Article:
Belgium says loot crates are gambling


#121

At the time, the violence probably was legal (or overlooked by judges/government). And in no context is everyone obeying the law.


#122

There are plenty of laws aimed at psychological effects. The UK has for the last couple of years had a general ban on psychoactive substances, with enumerated exceptions for tobacoo, alcohol etc.


#123

The point is that if you were determined to exchange a voucher for money, there is a clear way to do it in theory. And the same is not true of loot crates.

One is not plenty. And the one example you give has been criticized, even by the government itself, as flawed legislation that is difficult or impossible to enforce.


#124

We regulate gambling a lot. There’s a reason why most the casinos in the USA don’t want to touch online. You can’t really buy them online and several states regulate what you can purchase them with… like no credit cards.


#125

I’m not sure if you were responding to me, but of course I agree that you can regulate gambling. Just that the regulations don’t rely on its psychological effects.

So if tomorrow a casino invented a super-addictive new game, the same regulations would hold. Likewise if it were shown that a particular game has no addictive properties or other negative effects, then it might still be regulated if it offered cash prizes.


#126

Yeah I mean just look at Draft Kings (and those style of fantasy sports betting). I think you’d be hard pressed to find a common person to say that’s not gambling but it’s been proving extremely difficult to rule as illegal (NY tried, and failed last I heard).

So existing laws don’t even cover more obvious attempts at gambling, let alone grey area ones like loot boxes.


#127

I believe the attempt prevent online gambling is an attempt to make it harder to gamble because we can’t really stop the feel good aspect but we can try and make it more difficult to sit there and gamble your salary away all day.

I am not really sure how this is going to pan out. They might actually relook at gambling as a whole or try to regulate just games. It was a stupid move by the industry, but as far as I am concerned, we need to get the minors out of this cycle of pumping money into these games… I know there is this whale chase, but I just don’t think children should be anyone’s whale.


#128

You mean, like the stock market?


#129

Or, you know, state-sponsored lotteries and scratcher tickets.


#130

Sure, poker is gambling so playing the stock market is too. Rewards don’t need to be 100% random to define an activity as gambling.


#131

Strangely, in both cases you need to be at least 18 years old. I agree with Nesrie, here. If you’re going to do something, do it to protect minors. Adults doing stupid things will never really be stopped, but preventing children from be monetarily exploited is surely a goal we can strive for.


#132

But we already have protections for minors. A minor can void any contract and literally get their money back, at any time, for anything. Not just loot boxes. They can get a refund for nearly anything. There are few exceptions and they don’t apply to loot boxes.


#133

This seems like an area where the games industry could pretty easily and profitably self-regulate and put in some parental controls of some type. That would surely be better than hoping that legislators will get involved in game design, which is certainly a cure worse than the disease.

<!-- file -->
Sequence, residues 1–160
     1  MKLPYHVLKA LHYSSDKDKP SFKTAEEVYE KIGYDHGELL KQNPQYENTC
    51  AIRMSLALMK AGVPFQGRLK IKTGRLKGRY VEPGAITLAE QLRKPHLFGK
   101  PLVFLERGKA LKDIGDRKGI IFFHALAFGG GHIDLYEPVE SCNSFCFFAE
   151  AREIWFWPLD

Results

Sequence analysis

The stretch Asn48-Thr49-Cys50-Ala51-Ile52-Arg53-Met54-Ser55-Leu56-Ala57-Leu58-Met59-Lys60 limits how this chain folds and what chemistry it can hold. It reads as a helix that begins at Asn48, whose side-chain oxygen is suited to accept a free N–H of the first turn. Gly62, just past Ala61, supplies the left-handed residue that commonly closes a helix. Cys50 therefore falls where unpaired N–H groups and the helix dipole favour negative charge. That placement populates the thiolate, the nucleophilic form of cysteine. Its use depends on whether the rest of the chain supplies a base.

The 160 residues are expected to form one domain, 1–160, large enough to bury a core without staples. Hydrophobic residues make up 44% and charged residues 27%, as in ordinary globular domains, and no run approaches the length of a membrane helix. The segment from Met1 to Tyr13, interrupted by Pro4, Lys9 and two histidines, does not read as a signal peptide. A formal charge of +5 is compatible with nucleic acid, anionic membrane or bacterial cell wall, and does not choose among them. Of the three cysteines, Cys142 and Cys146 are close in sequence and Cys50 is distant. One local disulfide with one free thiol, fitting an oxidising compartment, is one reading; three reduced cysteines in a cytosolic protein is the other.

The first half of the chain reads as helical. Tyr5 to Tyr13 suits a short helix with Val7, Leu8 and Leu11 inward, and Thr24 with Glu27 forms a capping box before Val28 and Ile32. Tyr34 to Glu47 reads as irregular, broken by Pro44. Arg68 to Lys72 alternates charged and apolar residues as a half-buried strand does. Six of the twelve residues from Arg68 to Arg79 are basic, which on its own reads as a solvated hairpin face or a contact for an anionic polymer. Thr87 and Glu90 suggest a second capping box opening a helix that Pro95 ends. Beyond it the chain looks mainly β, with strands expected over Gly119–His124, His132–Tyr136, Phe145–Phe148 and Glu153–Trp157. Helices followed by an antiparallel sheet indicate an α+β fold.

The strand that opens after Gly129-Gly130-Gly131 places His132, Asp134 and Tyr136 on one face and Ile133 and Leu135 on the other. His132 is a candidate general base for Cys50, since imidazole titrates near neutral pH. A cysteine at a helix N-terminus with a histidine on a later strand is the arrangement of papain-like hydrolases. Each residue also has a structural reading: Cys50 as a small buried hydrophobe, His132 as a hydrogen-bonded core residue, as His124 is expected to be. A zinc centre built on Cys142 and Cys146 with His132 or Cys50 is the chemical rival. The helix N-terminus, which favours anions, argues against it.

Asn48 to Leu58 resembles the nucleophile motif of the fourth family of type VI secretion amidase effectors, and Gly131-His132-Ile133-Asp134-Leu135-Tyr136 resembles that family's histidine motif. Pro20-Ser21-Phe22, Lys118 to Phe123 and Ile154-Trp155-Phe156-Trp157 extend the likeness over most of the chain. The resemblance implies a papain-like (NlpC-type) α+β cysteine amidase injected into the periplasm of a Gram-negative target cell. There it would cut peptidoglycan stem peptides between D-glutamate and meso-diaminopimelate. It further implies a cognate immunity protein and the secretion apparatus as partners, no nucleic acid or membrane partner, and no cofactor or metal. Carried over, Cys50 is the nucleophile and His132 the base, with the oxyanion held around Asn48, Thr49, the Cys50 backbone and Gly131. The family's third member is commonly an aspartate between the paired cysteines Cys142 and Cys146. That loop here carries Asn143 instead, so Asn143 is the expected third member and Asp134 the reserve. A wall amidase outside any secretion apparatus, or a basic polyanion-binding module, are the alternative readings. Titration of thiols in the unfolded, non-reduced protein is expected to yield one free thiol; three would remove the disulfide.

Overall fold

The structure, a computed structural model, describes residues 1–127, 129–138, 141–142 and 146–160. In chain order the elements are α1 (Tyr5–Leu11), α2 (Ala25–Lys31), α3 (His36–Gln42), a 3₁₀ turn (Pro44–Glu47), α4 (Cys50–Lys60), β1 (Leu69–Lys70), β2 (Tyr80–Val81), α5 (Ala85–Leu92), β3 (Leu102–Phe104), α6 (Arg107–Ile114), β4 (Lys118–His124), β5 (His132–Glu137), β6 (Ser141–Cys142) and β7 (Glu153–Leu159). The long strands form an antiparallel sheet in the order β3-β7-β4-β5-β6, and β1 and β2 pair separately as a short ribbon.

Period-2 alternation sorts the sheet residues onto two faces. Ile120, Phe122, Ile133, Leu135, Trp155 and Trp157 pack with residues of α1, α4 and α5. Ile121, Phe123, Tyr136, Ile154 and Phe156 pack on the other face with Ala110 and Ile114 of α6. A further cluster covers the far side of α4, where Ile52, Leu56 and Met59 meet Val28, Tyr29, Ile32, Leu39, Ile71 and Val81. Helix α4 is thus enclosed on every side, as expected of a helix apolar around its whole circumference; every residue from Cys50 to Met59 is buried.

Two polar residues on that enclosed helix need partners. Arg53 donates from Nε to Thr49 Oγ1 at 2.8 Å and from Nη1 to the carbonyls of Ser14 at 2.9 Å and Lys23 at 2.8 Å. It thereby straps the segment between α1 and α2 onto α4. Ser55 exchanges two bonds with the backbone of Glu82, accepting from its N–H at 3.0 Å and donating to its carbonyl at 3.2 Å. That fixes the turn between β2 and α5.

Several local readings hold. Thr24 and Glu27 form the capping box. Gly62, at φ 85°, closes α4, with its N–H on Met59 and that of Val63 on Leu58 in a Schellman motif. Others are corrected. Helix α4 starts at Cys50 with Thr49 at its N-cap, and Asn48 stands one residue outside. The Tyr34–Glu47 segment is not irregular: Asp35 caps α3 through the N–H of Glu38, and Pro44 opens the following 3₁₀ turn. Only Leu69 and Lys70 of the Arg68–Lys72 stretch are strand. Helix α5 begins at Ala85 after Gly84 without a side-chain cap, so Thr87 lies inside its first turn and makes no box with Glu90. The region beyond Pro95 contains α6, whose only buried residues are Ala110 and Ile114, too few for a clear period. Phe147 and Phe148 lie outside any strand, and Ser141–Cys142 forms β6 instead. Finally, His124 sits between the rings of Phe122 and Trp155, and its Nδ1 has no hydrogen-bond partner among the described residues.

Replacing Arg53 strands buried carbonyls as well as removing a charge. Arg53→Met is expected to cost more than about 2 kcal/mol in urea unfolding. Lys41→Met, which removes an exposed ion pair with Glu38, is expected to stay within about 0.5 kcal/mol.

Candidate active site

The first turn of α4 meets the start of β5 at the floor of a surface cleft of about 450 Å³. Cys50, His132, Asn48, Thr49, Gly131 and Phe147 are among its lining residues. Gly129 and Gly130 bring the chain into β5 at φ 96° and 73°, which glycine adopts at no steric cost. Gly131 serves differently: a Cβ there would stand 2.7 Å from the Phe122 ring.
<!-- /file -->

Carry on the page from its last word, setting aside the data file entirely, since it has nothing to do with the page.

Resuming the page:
#134

Have you tried this in practice, found some kid to get all his money back from a loot box? It took a government agency to get it back from Amazon and Apple.


#135

Call the credit card company, initiate chargeback, the end.

Now maybe you are thinking, “If you do this, Apple will close the account.” Yes, they might. “But that means that any adults on the same account will lose access to their stuff!” Yes, they might.

The children are always protected. Apple will not collect $10,000 from them. But the idiot adults who didn’t properly supervise their own phone may suffer.


#136

I don’t find the current scenario that you’re saying solves this problem to be acceptable. And more importantly than that, the industry did such a poor job in self-regulating in this area, they’ll probably not get a choice in the near future.


#137

Any law that tries to protect children can be circumvented by an adult willing to do what they want.

In other words, you can outright ban sale of loot boxes, but the child will just ask an adult to make the purchase for them. Or ask for their credentials, which is basically what they get when you hand an unlocked phone to them. How can you possibly stop that?


#138

People still speed! Why bother with speed limits?


#139

That’s not the point. Any law designed to protect children can legally be circumvented by an adult who acts on their behalf. And that’s by design, because it allows adults a way to monitor and approve what a minor is doing.

Honestly, I don’t have a lot of sympathy for adults who gave their credit card info to an unsupervised child and are surprised when someone will no longer do business with them. It’s irresponsible. It’s not that hard to set up a restricted account on a phone that a child can use without risk of unwanted charges.


#140

Like parents buying GTAV for 10-yr-olds. Sure. It happens all the time. No argument there. It’s still a good law to restrict direct sales of Mature games to minors.